In the 80s, the British magazine Punch ran a famous joke about the adverbs. They were so blatant they were often ignored by the editor, but in the end, the punchline still won. That joke keeps ringing in my ears: “A: I’m not going to vote for her. B: Why not?” “A: She’s a Tory.” So it’s no surprise that I’ve been thinking about adverbs. A few weeks back I was talking with a friend about adverbs, and I joked “Surely you can’t be serious? Would you like to see the punchline?”

Adverb in English, Types, Position, Uses, Rules, PDF – Adverbs are words that give a short description of an action, state, or condition. Their function is to add a sense of style, provides a punch line to a joke, or provides a description of a person’s behaviour. Here in this example article is the list of the most common adverbs in English, with examples for each type. The word “adverb” is used for words that describe the time, place, manner, degree, quantity, or other circumstance in which an action occurs.

As we know, adverbs are very important and can modify not only the verbs, but sometimes the other parts of a sentence. They are called adverbs because they come after the verbs in a sentence. They often modify verbs, adjectives and other adverbs. Adverbs can have many different forms depending on the position in the sentence. Adverbs may also be in the infinitive, gerund or participle. Adverbs may change the meaning of a sentence, by changing the emphasis or change the tone of a statement. They can also be used to modify adjectives or adverbs. Adverbs can also be used with verbs to form a question.. Read more about types of adverbs worksheet pdf and let us know what you think.An adverb is a word that qualifies (definition of adverb for children).

Words in italics are verbs and words in bold are adjectives.

  • Verb
    Example: He works hard.
  • Adjective
    Example: It’s very good.
  • Adverb
    Example: She works very hard.
  • Preposition
    Example: The helicopter flew right over the house.
  • A Connection
    Example: He just likes her because (in combination) she has a clear conscience.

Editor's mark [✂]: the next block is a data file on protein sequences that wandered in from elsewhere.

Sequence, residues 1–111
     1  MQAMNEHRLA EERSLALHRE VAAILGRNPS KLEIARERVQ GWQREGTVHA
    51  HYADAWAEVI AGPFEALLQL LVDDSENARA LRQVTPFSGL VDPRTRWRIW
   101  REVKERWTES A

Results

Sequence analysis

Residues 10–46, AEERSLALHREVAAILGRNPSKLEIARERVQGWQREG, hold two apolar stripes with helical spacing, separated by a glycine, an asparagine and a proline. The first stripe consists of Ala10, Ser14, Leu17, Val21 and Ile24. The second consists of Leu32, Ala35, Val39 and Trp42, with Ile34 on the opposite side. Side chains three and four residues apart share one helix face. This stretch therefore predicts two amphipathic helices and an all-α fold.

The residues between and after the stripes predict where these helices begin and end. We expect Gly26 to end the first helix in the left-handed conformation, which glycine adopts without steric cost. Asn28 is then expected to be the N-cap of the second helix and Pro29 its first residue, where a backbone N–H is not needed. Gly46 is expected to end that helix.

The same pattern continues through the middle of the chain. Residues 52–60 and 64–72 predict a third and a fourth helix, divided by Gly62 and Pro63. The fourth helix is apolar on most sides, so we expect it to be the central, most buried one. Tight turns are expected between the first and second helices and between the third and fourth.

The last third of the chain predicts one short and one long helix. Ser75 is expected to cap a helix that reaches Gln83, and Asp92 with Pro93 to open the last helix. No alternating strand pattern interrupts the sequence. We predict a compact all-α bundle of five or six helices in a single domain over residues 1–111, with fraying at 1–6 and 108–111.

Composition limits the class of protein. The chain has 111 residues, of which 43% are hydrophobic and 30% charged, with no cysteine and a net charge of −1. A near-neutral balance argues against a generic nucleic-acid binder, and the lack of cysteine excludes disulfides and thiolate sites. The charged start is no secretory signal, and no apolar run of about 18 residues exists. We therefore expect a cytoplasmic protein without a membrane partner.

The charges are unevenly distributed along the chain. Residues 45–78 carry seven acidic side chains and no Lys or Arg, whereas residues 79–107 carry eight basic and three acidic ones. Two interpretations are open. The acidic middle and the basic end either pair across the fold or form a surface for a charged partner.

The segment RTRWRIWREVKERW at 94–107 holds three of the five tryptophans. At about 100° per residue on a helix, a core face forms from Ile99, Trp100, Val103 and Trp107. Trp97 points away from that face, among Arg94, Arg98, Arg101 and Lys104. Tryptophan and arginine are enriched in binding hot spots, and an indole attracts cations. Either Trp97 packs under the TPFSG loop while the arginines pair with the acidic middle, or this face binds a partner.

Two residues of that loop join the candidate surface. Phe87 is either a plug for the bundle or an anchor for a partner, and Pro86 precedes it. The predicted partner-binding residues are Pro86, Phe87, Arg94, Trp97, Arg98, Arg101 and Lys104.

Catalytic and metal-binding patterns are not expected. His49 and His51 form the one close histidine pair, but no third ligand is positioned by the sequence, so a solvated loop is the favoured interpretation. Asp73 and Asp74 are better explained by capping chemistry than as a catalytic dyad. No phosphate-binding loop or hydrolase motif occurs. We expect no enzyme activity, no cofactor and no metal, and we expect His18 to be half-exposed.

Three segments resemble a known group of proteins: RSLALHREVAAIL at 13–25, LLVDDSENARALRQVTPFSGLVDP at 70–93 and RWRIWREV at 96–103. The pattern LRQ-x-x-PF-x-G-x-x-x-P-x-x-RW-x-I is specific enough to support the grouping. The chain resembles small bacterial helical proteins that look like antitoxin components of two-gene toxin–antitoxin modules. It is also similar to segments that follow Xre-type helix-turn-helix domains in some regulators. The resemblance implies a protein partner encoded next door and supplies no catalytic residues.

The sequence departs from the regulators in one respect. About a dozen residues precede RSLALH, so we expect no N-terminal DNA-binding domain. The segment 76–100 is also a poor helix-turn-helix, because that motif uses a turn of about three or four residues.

• Complete set
    Example : Fortunately no one was injured (verdict).

Usually the adjective qualifies a noun or pronoun, but some adverbs, such as. B. alone, even, well, almost, can also be used for the same purpose.


Types of adverbs

3 Types of adverbs

  1. Singular adverb
  2. Relative adverb
  3. Interrogative adverb

Read the 3 types of adverbs in detail (a list of adverbs is also given).

1. Simple adverbs

It indicates time, place, number, frequency, cause, degree, confirmation or denial.

Adverbial mode of operation

The adverb action tells us how the verb is done.


  1. He works with integrity.
  2. It’s slow going.

Adverbs ending in ly usually refer to adverbs of manner.


Slow Slow
Happy I’d like that.
Frankly Frankly
  • Miserable, avaricious, learned and cowardly are some nouns whose adjectival and adverbial forms we often confuse.


name Adjective form Adverbial form
Coward Fig In a loose way.
Niggard Cheap In a stingy way.
Radin Radin In a stingy way.
Scientists Researchers In a scientific way.

Look at these few sentences:

  1. He is a miser.
    (insert a before miser, which is a noun).
  2. He’s a cheapskate. (False)
    He is a miser. (Correct)
    (use the adjective sparingly to refer to a person who is a noun).
  3. He behaved sparingly. (Incorrect)
    (behave is a verb, and the adverb stingy is used to qualify the verb).


  • Many words have the same forms of adverb and adjective.

Examples: Fast, direct, straightforward, hard, late, big, safe and quiet.


adverb adjective
He works hard. This is a difficult task.
He gets up early. He took the plane with an early start.
Don’t talk out loud. We must not speak with a loud voice.
Run fast. It runs fast.
He’s wanted me for a long time. He has made a long journey.
Come here. He’s a close relative of mine.
  • Many adverbs have different meanings in the lyric form.
  1. Late (after usual or appropriate time)
    Recently (recently/late), e.g:

    • I haven’t seen Akilu lately.
    • He was late for the meeting.
  2. Difficult
    With difficulty For example :

    • She works hard to make ends meet.
    • She works hard to make ends meet.
    • It almost doesn’t work.
  3. Free (without)
    Free (with freedom), z. B :

    • We can move freely in India.
    • The attractions in this water park are free.
  • The words loud and loud are adverbs, but they have different meanings.
    Loud means at a high volume.
    Loud means audible.
    1. Please say something. The students sitting on the last bench can’t hear you.
    2. Noisy music is not allowed in this park.

Adverbial tense

After, before, early, late, now, then, soon, today, tomorrow, etc. are adverbs of time.

It indicates when the action took place.

Example: I came too late.

Adverb of place

Here, there, inside, outside, above, below, inside, above, below, etc.

It indicates where the action took place.

Example: I couldn’t find it anywhere.

Adverb of frequency/quantity

Once, twice, three times, always, never, rarely, often, etc.

It indicates how often.


  1. I could never be so reckless.
  2. She rarely goes there.
  3. She comes to see me often.


Very, very much, more, too much, not at all, not much, almost, etc.

This shows how much.

Example: I’m doing very well.

Adverbial reason

So, therefore, by virtue of, because of, etc.

The adverbial reason why the action took place.


  1. I couldn’t come because I was uncomfortable.
  2. I don’t like him because he cheated a lot of people.

Adverbs of claim